As the current method is developed in two phases, we discuss below the data collection and preparation separately. Data was collected accordingly from various online repositories.
Number of protein sequences for plastids and non-plastid class used in phase-I (identification) training/testing
< 30% cutoff
< 30% cutoff (across class)
10% independent test set
Number of sequences available for plastid types in various online databases
Number of protein sequences for various plastid types used in phase-II (classification) training/testing
< 30% cutoff
10% independent test set
Feature representation methods
The following diverse features were extracted from the protein sequences for use in a machine learning framework for developing prediction models in both phases:
Amino acid composition (AAC)
Dipeptide composition (DIPEP)
where P(x i ,x j ) is the fraction of each (x i ,x j ) dipeptide and f(x i ,x j ) is the frequency of occurrence of (x i ,x j ) dipeptides, and the denominator represents the total number of all possible dipeptides.
Pseudo amino acid composition (PseAAC)
In composition based methods, protein sequence order and length information are completely lost, which in turn may affect the prediction accuracy of the model. To include all the details of its sequence order and length, Chou  proposed an effective way of representing known proteins as pseudo amino acid compositions (PseAAC) in his seminal study.
In this representation, the protein character sequence is coded by some of its physicochemical properties. Since the amphiphilic property (hydrophobicity and hydrophilicity) plays a very important role in protein folding, and functioning [34, 35], these two indices may be used to reflect effectively the sequence order effects.
where fi, i = 1, 2, ..., 20 are the normalized occurrence frequencies corresponding to 20 native amino acids in the protein P, the symbol θτ represents the j-tier sequence correlation factor computed using (4) with H(Pi) and H(Pj) representing hydrophobic and hydrophilic values of the amino acids Pi and Pj respectively and the symbol 'w' represents the weight factor, which governs the degree of the sequence order effect to be incorporated. In the present study, we have judicially chosen the weight as 0.1 and as 5 for better accuracy. In essence, the first 20 values in (3) represent the classic amino acid composition, the next 2λ values reflect the amphiphilic sequence correlation along the protein chain.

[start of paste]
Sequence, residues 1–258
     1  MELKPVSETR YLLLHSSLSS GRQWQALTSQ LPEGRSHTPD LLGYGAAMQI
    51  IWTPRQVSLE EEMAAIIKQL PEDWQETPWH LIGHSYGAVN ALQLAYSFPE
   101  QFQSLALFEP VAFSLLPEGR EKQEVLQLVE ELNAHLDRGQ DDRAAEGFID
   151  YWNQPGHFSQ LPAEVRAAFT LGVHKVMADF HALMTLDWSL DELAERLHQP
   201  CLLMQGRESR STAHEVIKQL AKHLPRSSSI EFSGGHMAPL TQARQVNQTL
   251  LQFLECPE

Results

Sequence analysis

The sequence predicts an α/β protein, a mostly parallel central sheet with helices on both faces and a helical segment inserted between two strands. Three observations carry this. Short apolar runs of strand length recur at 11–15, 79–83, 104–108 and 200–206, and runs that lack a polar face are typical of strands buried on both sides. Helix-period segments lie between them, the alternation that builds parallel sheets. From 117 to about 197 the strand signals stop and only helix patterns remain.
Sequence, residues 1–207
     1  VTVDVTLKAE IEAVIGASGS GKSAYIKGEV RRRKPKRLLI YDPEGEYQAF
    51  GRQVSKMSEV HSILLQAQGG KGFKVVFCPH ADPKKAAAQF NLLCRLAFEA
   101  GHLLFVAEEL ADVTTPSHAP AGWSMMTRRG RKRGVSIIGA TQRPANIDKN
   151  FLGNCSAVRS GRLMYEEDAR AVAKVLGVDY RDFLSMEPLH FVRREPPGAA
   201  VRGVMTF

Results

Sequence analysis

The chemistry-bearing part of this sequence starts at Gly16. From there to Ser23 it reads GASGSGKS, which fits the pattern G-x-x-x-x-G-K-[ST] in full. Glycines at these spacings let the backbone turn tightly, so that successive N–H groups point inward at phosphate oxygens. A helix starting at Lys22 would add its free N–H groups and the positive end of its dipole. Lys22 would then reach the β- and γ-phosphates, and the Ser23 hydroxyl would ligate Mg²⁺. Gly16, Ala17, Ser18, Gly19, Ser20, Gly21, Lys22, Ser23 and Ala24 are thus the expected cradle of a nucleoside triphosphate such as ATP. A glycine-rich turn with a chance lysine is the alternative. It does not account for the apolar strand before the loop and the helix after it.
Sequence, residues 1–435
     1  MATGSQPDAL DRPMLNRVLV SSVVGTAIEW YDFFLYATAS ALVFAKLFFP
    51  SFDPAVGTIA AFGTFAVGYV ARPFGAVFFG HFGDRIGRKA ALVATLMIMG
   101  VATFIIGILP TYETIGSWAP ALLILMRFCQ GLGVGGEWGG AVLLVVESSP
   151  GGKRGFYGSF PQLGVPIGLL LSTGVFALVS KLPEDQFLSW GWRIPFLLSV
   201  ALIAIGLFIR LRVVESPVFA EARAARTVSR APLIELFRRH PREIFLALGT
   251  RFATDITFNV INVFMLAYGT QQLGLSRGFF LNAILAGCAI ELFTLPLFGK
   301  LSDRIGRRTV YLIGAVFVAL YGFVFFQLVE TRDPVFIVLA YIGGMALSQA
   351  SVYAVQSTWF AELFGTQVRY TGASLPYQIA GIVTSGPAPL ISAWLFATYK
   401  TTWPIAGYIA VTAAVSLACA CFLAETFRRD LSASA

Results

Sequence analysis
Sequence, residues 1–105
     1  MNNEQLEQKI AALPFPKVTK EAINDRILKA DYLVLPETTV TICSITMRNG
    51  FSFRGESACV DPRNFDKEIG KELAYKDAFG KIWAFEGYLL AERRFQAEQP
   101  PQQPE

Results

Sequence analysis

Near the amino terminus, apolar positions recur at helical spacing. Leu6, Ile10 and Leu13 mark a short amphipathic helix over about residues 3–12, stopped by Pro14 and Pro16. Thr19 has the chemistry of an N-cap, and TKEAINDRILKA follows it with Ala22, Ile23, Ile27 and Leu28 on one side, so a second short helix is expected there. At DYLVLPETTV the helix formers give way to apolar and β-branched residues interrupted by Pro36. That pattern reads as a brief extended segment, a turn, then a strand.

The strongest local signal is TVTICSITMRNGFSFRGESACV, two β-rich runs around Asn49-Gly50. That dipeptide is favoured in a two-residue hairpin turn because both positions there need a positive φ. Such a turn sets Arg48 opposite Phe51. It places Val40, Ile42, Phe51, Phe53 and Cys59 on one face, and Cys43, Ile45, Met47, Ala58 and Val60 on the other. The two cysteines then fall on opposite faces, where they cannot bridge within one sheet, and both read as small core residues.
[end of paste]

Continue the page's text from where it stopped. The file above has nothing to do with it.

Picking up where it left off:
Terminal-based N-Center-C (NCC) amino acid composition
The AAC for each segment is computed using (1). Hence, a 60 dimensional feature vector is used to represent a protein. In an empirical study, the residue length of 25 was found to be the best compromise, both in phase-I and phase-II predictions.
Physicochemical property-based composition
Physicochemical properties used to represent a protein for predicting plastids and their types using SVM.
D, R, E, K, H
Hydrophilic (polar) and neutral
N, Q, S, T, Y
Basic polar or Positively charged
H, K, R
Acidic polar or Negatively charged
A, G, I, L, V
F, W, Y
T, D, N
G, A, S, P
F, R, W, Y
Hydrophobic (non-polar) and aromatic
Hydrophobic (non-polar) and neutral
A, C, G, I, L, M, F, P, W, V
Amidic (contains amide group)
C, W, N, Q, S, T, Y, K, R, H, D, E
Acidic and their Amide
D, E, N, Q
D, E, H, C, Y, K, R
Forms covalent cross-link (disulfide bond)
Theoretical pI (isoelectric point)
Similarity search-based PSI-BLAST module
In this study, we also performed PSI-BLAST based predictions in which a query sequence is searched based on its similarity against the non-redundant database; all of the UniProt/Swiss-Prot used as a target database. Previous studies have suggested that PSI-BLAST has the capability to detect remote homologies, and is thus preferred over the normal BLAST. It carries out an iterative search in which sequences found in one round are used to build a new score model for the next round of searching . Three iterations were carried out at a best cut-off E-value of 0.001. This module was run separately for plastid and non-plastid data and the various plastid-type classes depending upon the similarity of the query protein to the proteins in the dataset. The module would return "unknown protein type" if no significant similarity is obtained. Accordingly, values for H (number of total hits), C (number of correct hits), P (percent of correct hits), and A (percent accuracy) are calculated to evaluate the PSI-BLAST based prediction performance.
Support Vector Machine (SVM)
Support Vector Machine is a class of learning machines based on optimization principle from statistical learning theory, originally introduced by Vapnik and co-workers [37, 38] about two decades ago. It has been well studied and extensively applied in the areas of pattern recognition, regression and classification problems in various fields of science and engineering, for example: predicting protein subcellular localization [19, 29, 30, 32, 39–42], classifying microarray data , predicting protein secondary structure [44, 45], forecasting disease , predicting membrane protein type  and many other areas. In classification problems, the objective of SVM is to separate the training data with a maximum margin while maintaining reasonable computing efficiency. To handle the multi-class classification, a simple strategy is used by reducing the multi-classification to a series of binary classifications. The popular methods include One-Versus-Rest (OVR), One-Versus-One (OVO), and Directed Acyclic Graph Support Vector Machines (DAGSVM). In this work, we followed the OVO method for the multi-classification problem. More details of the theory of SVM have been described elsewhere [37, 38].